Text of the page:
| 7:51 am on Sep 7, 2006 (gmt 0)|
setup the route to only handle preset MAC addresses .. you will find the mac address in the your Network Connections in windows
| 9:02 am on Sep 7, 2006 (gmt 0)|
I discovered recently that it's possible to fake/clone mac addresses.
| 5:18 pm on Sep 7, 2006 (gmt 0)|
|I discovered recently that it's possible to fake/clone mac addresses. |
That's certainly possible. Most network adapters today have configurable MAC addresses. They have a built-in one, but it's possible to override it. In Windows, it can be as simple as using the control panel applet or notification area applet that came with the network adapter driver.
However, somebody would first have to know what MAC address to set. The router doesn't "advertise" the MAC addresses that it accepts, and they aren't sent over the air in the clear (i.e. without encryption) assuming that encryption is properly set-up.
| 11:40 am on Sep 8, 2006 (gmt 0)|
IMHO - The folks most likely to bother with trying to gain access through your router - and have the skills to do it - aren't likely to bother with it unless there's a reasonable reward for their efforts. Your neighbors are more likely to try (if broadcast mode is enabled) but as was noted, they'd need to know your MAC address.
| 4:00 pm on Sep 26, 2006 (gmt 0)|
WEP key encryption on $50 Linksys router can be cracked in less than a half hour.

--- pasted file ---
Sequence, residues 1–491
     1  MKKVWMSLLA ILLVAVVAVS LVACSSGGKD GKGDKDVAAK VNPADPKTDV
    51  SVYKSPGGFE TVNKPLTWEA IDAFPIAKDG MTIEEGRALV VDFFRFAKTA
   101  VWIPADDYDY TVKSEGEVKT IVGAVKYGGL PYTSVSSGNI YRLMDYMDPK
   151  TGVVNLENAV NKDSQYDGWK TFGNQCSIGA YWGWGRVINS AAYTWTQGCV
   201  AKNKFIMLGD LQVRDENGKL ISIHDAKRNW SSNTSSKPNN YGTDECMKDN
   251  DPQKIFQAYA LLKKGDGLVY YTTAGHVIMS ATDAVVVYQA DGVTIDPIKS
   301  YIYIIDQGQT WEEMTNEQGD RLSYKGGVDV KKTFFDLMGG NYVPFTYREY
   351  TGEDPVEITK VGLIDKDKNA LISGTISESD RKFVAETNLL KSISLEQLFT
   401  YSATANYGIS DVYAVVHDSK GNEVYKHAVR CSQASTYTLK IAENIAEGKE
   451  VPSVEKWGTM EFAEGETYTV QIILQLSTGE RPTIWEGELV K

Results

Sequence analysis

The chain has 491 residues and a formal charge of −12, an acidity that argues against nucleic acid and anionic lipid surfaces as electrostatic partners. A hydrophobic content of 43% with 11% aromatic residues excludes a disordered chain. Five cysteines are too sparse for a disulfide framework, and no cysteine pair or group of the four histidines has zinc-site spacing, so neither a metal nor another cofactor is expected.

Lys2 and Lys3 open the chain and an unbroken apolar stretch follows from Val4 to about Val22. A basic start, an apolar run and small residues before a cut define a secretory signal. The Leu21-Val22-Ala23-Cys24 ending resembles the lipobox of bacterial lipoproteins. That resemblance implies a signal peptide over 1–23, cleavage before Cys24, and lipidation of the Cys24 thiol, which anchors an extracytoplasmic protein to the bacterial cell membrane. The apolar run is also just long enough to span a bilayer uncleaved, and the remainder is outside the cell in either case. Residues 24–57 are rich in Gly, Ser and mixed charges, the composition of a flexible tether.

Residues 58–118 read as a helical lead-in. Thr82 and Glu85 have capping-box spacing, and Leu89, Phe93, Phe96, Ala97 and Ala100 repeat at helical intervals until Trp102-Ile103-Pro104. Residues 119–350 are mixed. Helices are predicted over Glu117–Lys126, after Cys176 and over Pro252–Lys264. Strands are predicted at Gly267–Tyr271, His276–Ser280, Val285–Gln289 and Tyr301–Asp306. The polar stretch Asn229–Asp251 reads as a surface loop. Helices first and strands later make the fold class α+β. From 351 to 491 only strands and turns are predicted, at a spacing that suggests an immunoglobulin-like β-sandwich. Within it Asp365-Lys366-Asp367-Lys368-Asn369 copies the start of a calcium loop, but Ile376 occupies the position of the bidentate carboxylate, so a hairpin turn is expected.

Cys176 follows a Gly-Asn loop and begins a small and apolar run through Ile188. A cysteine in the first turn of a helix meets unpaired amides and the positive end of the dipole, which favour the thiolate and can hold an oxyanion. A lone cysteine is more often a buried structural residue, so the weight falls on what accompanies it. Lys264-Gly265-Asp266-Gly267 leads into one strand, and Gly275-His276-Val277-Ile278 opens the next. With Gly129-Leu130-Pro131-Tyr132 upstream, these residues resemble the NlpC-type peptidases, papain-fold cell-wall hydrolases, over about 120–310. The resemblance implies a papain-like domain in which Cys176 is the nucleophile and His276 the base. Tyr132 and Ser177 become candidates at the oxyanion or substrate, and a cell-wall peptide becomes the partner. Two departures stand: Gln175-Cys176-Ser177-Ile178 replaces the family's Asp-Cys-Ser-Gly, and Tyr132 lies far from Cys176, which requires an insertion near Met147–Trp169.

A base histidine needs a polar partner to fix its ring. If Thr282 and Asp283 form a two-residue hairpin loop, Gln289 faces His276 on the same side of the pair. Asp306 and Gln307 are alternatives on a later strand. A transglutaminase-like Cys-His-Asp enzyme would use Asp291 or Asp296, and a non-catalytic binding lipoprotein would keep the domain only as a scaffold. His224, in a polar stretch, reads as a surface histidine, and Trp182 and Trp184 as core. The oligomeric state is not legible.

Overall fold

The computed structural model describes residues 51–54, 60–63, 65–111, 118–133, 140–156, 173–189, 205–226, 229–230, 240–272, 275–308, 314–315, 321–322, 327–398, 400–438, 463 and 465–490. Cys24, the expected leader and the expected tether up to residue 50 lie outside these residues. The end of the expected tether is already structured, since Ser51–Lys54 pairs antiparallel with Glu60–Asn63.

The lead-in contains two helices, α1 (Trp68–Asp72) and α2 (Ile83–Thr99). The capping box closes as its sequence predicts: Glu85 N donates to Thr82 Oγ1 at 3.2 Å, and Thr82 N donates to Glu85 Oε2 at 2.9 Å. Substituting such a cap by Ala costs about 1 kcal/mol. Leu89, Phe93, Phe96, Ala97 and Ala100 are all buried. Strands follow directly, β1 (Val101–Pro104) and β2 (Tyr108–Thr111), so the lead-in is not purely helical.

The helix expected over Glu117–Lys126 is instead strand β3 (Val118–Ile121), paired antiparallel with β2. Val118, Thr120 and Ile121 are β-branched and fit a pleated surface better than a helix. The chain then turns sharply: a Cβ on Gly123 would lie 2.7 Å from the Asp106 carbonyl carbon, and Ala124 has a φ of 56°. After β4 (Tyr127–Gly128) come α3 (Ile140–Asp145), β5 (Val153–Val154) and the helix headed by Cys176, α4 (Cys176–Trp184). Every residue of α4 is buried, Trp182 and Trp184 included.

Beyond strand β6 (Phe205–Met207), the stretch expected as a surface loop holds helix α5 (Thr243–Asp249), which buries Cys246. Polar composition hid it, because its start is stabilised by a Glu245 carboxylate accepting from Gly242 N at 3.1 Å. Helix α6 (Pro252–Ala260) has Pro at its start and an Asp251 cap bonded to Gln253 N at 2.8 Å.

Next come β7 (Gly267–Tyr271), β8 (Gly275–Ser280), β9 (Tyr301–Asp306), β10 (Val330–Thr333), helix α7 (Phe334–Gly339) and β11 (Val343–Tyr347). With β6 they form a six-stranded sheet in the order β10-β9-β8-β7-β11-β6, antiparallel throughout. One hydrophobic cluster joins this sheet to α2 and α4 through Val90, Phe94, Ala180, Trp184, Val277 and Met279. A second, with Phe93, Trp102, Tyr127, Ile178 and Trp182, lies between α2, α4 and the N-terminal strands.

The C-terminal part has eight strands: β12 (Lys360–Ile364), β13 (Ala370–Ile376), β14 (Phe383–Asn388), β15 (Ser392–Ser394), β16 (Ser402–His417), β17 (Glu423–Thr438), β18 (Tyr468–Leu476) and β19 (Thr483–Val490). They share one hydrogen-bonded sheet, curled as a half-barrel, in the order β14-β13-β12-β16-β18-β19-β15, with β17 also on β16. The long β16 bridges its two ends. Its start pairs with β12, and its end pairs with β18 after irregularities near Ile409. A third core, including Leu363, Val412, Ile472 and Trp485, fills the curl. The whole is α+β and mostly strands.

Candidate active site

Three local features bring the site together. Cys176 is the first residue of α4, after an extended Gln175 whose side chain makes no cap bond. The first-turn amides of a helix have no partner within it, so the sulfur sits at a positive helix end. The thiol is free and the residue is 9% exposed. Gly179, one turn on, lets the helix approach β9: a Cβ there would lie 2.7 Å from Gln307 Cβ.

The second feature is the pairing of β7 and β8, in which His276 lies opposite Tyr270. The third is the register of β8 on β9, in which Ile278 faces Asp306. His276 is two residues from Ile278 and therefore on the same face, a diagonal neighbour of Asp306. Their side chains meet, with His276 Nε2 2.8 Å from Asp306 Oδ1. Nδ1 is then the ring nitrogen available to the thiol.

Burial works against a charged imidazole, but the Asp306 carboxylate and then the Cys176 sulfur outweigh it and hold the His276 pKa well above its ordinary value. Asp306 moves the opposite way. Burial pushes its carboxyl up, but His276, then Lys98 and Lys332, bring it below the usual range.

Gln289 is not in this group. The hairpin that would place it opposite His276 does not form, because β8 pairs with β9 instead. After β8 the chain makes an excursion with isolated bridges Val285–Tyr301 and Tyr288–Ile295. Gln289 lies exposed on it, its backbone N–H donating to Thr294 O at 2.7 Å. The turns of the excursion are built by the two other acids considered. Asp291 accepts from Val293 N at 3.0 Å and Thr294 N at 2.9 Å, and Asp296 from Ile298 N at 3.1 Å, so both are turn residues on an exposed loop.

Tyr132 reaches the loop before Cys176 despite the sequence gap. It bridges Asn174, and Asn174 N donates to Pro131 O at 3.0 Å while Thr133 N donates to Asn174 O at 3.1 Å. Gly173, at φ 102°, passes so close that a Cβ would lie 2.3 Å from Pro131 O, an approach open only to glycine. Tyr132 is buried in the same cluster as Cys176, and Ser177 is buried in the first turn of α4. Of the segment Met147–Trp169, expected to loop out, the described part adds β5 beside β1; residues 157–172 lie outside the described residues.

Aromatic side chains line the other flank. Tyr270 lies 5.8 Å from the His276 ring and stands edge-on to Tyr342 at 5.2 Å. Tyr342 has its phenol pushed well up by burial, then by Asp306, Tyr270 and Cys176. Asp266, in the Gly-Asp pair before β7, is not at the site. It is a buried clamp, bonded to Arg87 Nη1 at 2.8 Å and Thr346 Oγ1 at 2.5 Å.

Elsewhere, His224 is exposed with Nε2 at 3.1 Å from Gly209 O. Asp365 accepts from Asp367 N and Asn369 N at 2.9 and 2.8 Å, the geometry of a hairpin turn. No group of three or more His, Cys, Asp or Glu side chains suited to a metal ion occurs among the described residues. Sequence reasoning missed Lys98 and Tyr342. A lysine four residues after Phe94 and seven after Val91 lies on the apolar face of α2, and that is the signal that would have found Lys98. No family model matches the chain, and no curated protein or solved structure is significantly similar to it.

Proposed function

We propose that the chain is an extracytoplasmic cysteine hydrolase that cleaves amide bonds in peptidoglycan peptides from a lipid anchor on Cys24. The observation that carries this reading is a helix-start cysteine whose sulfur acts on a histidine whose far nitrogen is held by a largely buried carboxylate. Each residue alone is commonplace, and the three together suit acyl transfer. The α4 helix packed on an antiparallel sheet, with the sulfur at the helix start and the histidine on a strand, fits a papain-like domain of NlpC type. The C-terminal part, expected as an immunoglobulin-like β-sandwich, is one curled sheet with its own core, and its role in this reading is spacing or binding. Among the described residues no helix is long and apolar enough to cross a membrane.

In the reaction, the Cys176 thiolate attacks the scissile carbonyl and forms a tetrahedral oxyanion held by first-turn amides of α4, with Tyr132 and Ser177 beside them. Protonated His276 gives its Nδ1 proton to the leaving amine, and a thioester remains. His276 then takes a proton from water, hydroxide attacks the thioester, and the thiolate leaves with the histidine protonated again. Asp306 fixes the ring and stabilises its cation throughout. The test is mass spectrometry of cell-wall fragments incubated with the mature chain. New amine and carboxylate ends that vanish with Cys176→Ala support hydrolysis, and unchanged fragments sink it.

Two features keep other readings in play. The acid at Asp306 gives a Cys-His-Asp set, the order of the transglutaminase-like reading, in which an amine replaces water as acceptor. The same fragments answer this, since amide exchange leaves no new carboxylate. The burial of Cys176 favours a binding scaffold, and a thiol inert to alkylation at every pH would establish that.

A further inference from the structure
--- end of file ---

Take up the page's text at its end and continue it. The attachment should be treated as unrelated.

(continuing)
Requiring specific MAC addresses adds security but they can also be grabbed from the air by someone who knows how to do it.
You are safe from the average person in your neighborhood if you are buying off the shelf wireless equiptment at the local computer store. You aren't so safe from a 17 year old neighbor with some time on his hands, moderate technical skills, and who considers cracking your wireless a fun challenge.
| 1:23 am on Sep 28, 2006 (gmt 0)|
Use WPA for security, with a relatively long (~25 characters, but the more the better) random key. The only attack vector on WPA that I am aware of is a dictionary attack on poorly chosen keys. Make sure to change the key whenever someone leaves the company.
You could then also set it up to only accept a preset list of mac addresses, though that doesn't really add much security, for reasons already mentioned.
WEP is a joke. Don't use it.
| 3:28 pm on Sep 28, 2006 (gmt 0)|
1) Turn off network ID broadcasting (SSID)
2) Turn on WEP or WPA
3) Turn on MAC address control
4) Accept you've done all you reasonably can, that your network is as secure as it can be, but it can still be hacked by someone with the time, skills and inclination!
| 5:22 pm on Sep 28, 2006 (gmt 0)|
0) Change the administrator password for your wireless router to something other than the default.
5) Ensure that your laptops / PCs only connect to your wireless router and not neighbouring unsecured networks.
6) If your router allows it, reduce the signal strength to operate in a more sensible range.
7) If you are still worried, there are some reasonably priced WLAN network monitoring devices, which can alert you to new wireless devices in your vicinity.
8) Send all of your cables to cable heaven.
9) Forget you ever heard the word hacker.
10) Pour yourself a drink, lean back in your sun lounger, relax and / or scrutinize your campaigns.
| 1:51 pm on Oct 14, 2006 (gmt 0)|
11) Get yourself a copy of NetStumbler to check out what else is around in your neighbourhood, if only so that you can then get your kit on a different channel to them.
Most people seem to leave their kit with default SSID, default channel, default username, and god knows what default else.
12) If all your kit uses only 11b or 11g or something else, then limit connections to just that one type.